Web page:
This is not necessarily a bad thing as it not only spurs competition for the best solution, but also avoids the creation of legal regulations that do not meet the requirement of commercial practice. The reluctance of the legislation to find a solution can be explained by the fact that they have been trying to create an appropriate procedure for electronic Bills of Lading for years. The Comité Maritime International (CMI) created a rulebook for the electronic issuing of Bills of Lading (CMI Rules for Electronic Bills of Lading) in the 1990s. In the meantime there are private providers that offer the use of electronic Bills of Lading in the framework of a closed system. Examples include the BOLERO (Bill of Lading Registry Organisation) System (www.bolero.net) as well as the ESS (Electronic Shipping Solutions) Databridge System (www.essdocs.com). Bolero and ESS have their own rules – the Bolero Rulebook and the ESS-Databridge Services and Users Agreement. As a consequence, the parties involved in maritime trade have to enter a contract with private companies to use their systems.
The rulebooks, some of which have around 50 pages, are fairly complex. They are subject to English law. This poses the question whether the rules and regulations of the above-mentioned providers meet the requirements of the transfer of a bill of lading under German law. For instance, the legal position is not clear with respect to an order bill of lading, which is often issued in practice. According to § 519 section 3 HGB, the owner of the Bill of Lading is only entitled to take delivery of the goods if he can supply a complete series of indorsements. The indorsement is a note on the back of the Bill of Lading where the current owner (endorser) transfers his ownership of the paper with the connected rights to the endorsee which is mentioned in the Bill of Lading. Under the Bolero System, the transfer happens by way of novation. The legal consequence of a novation is that the former legal relation of the Bill of Lading ends and a new legal relation with identical rights and obligations are created. This would not fulfil the requirement of a transfer of an order Bill of Lading under German law due to the fact that a complete series of indorsements is missing.
Due to the legal uncertainty and the seemingly complex contractual terms involved, many parties in maritime trade do not feel comfortable using these private systems.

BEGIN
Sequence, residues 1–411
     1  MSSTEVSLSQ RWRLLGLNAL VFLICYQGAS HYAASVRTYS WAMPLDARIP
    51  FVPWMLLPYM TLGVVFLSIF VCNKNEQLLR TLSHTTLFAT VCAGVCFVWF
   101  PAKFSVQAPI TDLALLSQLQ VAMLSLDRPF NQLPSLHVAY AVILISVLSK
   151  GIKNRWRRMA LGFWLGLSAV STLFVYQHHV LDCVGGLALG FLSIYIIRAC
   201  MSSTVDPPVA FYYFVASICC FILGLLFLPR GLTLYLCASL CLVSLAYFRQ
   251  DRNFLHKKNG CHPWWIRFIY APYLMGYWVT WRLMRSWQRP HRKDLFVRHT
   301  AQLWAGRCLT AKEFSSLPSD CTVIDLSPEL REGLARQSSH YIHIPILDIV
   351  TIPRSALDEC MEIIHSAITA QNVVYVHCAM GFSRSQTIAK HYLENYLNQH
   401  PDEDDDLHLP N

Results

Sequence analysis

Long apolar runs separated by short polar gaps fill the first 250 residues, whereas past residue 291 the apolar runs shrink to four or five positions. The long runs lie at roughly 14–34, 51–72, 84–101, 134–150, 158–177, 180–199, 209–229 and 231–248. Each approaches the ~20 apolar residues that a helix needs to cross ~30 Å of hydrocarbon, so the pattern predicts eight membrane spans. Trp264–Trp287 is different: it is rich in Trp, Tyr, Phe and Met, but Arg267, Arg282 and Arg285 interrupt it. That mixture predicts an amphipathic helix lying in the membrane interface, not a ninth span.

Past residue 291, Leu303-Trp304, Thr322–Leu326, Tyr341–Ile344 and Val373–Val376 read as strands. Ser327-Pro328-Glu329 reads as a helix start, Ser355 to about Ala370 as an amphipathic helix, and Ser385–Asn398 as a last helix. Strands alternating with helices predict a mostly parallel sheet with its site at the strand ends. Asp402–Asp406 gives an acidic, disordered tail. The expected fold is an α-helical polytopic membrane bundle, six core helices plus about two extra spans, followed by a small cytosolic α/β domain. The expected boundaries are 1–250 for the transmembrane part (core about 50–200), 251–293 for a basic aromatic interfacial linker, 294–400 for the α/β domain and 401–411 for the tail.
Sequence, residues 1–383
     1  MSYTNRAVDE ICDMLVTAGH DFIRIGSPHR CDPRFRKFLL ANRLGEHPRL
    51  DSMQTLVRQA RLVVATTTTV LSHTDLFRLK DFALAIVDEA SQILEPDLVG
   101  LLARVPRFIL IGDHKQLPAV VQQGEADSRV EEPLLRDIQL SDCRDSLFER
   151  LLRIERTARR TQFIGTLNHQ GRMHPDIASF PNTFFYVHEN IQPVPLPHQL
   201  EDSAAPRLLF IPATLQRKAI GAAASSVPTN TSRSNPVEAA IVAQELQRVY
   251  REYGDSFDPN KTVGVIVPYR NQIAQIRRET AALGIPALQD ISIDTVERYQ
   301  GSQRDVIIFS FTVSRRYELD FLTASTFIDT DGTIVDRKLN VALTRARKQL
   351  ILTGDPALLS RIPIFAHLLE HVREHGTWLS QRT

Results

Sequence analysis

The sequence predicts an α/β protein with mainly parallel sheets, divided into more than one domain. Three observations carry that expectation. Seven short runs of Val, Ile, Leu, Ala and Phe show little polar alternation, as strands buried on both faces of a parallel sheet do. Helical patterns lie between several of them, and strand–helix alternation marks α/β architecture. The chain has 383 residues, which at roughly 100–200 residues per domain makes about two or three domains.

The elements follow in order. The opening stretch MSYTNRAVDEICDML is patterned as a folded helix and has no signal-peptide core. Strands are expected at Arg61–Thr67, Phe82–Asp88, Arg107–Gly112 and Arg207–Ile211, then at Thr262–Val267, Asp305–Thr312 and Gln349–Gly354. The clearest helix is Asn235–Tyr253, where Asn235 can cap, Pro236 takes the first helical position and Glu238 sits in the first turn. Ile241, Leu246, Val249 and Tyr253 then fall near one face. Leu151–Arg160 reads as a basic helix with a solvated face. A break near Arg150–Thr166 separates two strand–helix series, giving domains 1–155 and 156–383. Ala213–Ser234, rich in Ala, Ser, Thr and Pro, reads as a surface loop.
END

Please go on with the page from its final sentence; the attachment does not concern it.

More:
Against this background, it is interesting to note that a cooperative project under the management of the Centre of Law of the Information Society of the University Oldenburg is currently examining how electronic Bills of Lading could function under German law. The project is funded, inter alia, by the Federal Ministry for Economic Affairs and Energy (Bundesministerium für Wirtschaft und Energie [BMWi]). The goal is to create a software that complies with German Law. Technically, the idea is to create a Blockchain-Bill of Lading. The carrier creates a token and gives an order to the electronic system to receive the relevant information in accordance with § 515 section 1 HGB. This would link the information normally set out in the Bill of Lading to the token, which can then be issued directly to the Consignee. For the transfer of goods for which a token has been created, it would suffice to transfer the token to the Buyer via blockchain.
Unlike private vendors, the research project of the University of Oldenburg has a neutral approach. It is not profit oriented. Not only with respect to data protection issues, this seems to be a good approach. (For further information please visit: https://uol.de/privatrecht/projekt-haptik )
Summary and outlook
Concluding, documents of title to goods, at this point in time, can only be traded digitally in the framework of closed systems subject to English law. However, it will not take long until suitable solutions will allow the use of electronic Bills of Lading under German law.
About the author
Dr. Tim Schommer LL.M is a Partner at international law firm Clyde & Co, which opened an office in Hamburg in 2019. He is a lecturer at the Bucerius Law School and has been active for more than 15 years in Commercial Law, Maritime Law and Commercial Arbitration. Tim also focuses on the law of digitalisation.